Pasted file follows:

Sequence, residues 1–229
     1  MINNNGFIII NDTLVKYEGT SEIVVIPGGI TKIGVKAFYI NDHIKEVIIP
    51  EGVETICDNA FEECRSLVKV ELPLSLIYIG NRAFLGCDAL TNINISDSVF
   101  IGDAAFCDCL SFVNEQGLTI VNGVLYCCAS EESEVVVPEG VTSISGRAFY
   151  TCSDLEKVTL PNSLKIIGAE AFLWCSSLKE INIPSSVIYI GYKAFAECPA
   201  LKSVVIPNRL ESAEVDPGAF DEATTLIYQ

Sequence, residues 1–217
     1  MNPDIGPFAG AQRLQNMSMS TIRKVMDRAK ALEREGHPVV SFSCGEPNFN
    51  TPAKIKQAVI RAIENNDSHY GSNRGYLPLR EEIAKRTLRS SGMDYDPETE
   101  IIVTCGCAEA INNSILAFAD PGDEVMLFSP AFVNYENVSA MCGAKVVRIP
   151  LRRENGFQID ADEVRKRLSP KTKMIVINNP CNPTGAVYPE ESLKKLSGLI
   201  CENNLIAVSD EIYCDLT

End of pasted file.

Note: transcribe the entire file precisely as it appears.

Sequence, residues 1–229
     1  MINNNGFIII NDTLVKYEGT SEIVVIPGGI TKIGVKAFYI NDHIKEVIIP
    51  EGVETICDNA FEECRSLVKV ELPLSLIYIG NRAFLGCDAL TNINISDSVF
   101  IGDAAFCDCL SFVNEQGLTI VNGVLYCCAS EESEVVVPEG VTSISGRAFY
   151  TCSDLEKVTL PNSLKIIGAE AFLWCSSLKE INIPSSVIYI GYKAFAECPA
   201  LKSVVIPNRL ESAEVDPGAF DEATTLIYQ

Sequence, residues 1–217
     1  MNPDIGPFAG AQRLQNMSMS TIRKVMDRAK ALEREGHPVV SFSCGEPNFN
    51  TPAKIKQAVI RAIENNDSHY GSNRGYLPLR EEIAKRTLRS SGMDYDPETE
   101  IIVTCGCAEA INNSILAFAD PGDEVMLFSP AFVNYENVSA MCGAKVVRIP
   151  LRRENGFQID ADEVRKRLSP KTKMIVINNP CNPTGAVYPE ESLKKLSGLI
   201  CENNLIAVSD EIYCDLT